"We have to be able to manage all the businesses like they're walled off," LaNeve said, drawing a brand chart. "We're going to win or lose by managing each of the eight brands like they're different companies."
Which, of course, they aren't. They're one company, something GM has been trying to beat into us and itself for the better part of a decade as it systematically pushed to eliminate fiefdoms within its vast bureaucracy -- "run common, run lean," develop "common architectures," manage each model as a "brand."
The "common" parts remain and account for some of GM's biggest organizational successes in the past decade. There are the common manufacturing processes that made GM plants among the world's most efficient. And there's a common set of parts for the new Cadillac vehicles that anchor the brand's legit revival.
LaNeve may be on to something with this "walled-off business" stuff. GM's biggest product successes since its last implosion in the early '90s have been products or brands effectively walled off from the car-and-truck vegematic that has been a hallmark of way too many GM products.
Think the new Cadillacs, the sum of a $4 billion bet that LaNeve knows well as the division's former boss. Or Corvette. Or the early success of Saturn before Detroit starved it for new product investment, a mistake it's now in the midst of correcting with a series of new cars designed mostly by Germans from its Adam Opel unit.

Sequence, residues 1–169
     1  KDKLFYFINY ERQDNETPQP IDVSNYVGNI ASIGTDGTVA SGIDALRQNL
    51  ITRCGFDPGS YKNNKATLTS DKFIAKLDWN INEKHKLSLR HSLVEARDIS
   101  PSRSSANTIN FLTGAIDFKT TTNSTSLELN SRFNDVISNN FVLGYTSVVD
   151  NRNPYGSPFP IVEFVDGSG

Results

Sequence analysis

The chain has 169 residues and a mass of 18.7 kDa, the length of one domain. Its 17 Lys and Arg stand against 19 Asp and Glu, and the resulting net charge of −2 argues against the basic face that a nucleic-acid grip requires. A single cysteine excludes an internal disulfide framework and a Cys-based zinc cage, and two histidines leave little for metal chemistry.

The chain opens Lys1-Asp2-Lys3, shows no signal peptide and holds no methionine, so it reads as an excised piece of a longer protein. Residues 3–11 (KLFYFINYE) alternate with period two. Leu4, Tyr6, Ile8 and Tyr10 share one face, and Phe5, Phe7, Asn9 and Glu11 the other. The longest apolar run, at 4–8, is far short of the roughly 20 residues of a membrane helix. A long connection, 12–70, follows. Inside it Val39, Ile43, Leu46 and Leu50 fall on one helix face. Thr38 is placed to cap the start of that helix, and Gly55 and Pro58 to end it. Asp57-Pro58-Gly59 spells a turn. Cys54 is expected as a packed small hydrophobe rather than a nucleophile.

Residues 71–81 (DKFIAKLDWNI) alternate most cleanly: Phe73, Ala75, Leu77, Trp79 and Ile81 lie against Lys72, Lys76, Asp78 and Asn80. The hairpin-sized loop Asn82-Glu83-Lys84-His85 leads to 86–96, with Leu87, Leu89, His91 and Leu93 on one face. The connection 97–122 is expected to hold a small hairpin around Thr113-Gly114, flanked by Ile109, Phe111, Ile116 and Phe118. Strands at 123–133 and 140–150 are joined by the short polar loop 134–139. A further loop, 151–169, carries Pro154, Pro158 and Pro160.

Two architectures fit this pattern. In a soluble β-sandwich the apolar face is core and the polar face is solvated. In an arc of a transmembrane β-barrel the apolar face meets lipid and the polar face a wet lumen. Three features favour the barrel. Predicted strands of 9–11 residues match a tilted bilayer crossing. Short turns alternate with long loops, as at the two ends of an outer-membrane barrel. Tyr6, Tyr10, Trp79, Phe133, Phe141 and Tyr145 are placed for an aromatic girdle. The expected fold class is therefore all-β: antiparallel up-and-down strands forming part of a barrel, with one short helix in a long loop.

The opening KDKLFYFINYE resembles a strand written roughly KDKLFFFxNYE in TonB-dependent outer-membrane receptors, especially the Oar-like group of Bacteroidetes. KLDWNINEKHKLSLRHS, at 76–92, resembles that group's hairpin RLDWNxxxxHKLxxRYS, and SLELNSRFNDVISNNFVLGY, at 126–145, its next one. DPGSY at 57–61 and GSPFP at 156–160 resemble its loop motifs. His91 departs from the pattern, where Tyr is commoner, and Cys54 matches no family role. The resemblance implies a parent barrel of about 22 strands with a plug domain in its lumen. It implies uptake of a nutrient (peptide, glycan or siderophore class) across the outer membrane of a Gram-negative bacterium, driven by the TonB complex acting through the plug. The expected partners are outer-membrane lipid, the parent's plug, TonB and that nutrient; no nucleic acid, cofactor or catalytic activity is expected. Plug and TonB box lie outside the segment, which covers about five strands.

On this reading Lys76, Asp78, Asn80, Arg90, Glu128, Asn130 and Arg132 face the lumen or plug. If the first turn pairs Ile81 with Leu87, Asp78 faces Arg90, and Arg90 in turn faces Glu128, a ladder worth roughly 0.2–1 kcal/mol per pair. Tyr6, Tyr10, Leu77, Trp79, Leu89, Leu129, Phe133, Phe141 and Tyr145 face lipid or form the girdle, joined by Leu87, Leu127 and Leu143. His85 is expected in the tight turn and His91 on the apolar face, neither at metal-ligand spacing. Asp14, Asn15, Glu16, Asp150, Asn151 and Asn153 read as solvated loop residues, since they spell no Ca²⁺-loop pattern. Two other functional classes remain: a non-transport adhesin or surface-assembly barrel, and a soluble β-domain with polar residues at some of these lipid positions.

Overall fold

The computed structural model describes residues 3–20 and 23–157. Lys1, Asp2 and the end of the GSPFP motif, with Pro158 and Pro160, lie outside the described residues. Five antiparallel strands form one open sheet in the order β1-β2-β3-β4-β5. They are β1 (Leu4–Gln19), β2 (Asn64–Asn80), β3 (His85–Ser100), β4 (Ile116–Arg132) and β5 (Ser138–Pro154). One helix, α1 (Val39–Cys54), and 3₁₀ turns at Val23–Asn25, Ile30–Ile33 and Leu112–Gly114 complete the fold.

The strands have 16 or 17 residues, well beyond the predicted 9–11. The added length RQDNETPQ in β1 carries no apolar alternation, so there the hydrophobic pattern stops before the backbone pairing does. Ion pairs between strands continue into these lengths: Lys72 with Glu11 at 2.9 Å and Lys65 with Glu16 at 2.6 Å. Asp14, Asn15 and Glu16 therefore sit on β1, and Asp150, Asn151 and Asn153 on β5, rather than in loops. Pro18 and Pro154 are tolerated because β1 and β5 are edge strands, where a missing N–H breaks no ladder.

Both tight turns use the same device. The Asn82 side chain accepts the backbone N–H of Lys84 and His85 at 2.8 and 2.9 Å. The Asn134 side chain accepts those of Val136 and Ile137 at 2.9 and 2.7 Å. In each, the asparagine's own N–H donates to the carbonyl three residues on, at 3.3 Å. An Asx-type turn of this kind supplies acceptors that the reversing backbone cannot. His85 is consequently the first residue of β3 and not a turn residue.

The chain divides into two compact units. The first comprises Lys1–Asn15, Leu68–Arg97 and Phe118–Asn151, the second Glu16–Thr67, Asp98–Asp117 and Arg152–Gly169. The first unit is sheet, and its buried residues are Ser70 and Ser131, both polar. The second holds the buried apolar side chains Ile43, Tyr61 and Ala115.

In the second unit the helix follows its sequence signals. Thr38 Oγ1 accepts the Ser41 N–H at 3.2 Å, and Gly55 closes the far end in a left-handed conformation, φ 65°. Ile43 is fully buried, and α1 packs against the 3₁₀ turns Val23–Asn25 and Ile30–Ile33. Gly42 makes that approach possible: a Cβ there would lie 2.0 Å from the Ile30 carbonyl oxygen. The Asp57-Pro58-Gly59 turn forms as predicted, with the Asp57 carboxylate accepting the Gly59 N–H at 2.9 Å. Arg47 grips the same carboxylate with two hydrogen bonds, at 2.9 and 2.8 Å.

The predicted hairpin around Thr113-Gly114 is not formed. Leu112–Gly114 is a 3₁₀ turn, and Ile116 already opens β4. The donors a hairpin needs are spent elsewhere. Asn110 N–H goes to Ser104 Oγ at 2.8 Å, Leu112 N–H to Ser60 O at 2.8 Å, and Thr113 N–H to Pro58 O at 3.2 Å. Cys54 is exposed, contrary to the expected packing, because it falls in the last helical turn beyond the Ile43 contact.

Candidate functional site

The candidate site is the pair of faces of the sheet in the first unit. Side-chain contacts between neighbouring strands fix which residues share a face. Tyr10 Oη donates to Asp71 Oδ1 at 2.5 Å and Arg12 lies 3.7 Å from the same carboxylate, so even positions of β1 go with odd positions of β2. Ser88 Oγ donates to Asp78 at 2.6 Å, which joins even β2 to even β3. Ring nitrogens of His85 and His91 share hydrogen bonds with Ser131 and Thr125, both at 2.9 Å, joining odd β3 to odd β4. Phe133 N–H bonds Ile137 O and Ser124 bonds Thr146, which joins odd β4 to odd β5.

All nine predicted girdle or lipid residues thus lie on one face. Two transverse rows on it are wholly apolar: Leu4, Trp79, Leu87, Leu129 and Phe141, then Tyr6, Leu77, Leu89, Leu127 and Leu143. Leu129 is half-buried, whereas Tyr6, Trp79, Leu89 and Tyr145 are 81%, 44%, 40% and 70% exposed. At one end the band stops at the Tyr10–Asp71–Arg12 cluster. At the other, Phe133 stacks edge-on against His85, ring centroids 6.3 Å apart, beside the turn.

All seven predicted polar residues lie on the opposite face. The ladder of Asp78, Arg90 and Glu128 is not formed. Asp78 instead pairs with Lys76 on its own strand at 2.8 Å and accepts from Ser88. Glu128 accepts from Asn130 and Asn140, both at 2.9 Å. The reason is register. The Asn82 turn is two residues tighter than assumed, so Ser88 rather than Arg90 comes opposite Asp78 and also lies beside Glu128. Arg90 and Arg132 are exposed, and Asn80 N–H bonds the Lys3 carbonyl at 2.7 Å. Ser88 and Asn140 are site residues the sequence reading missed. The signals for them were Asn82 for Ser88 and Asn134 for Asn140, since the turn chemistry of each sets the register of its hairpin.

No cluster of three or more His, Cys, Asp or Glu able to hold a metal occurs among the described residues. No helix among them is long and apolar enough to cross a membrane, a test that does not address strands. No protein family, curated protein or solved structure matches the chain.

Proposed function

Or GM's full-size pickups and SUVs, developed together and evolved over time much as Ford does with its F-Series line, or BMW with its 3 and 5 Series cars or Porsche with its 911. Vastly different products but with similar results: All are perennial stalwarts in their respective segments.
LaNeve is walking a tight rope. Killing brands now, much as some voices on Wall Street and in the media are demanding it, would exacerbate GM's market share slide, saddle the automaker with more unused plant capacity, and run up a massive tab with angry dealers.
What don't critics get about what's going on inside GM and how it intends to manage its brands?
"They're interpreting past behavior," he said. "If their statement is that GM can't afford to provide full product lines to four or five brands, then they're right."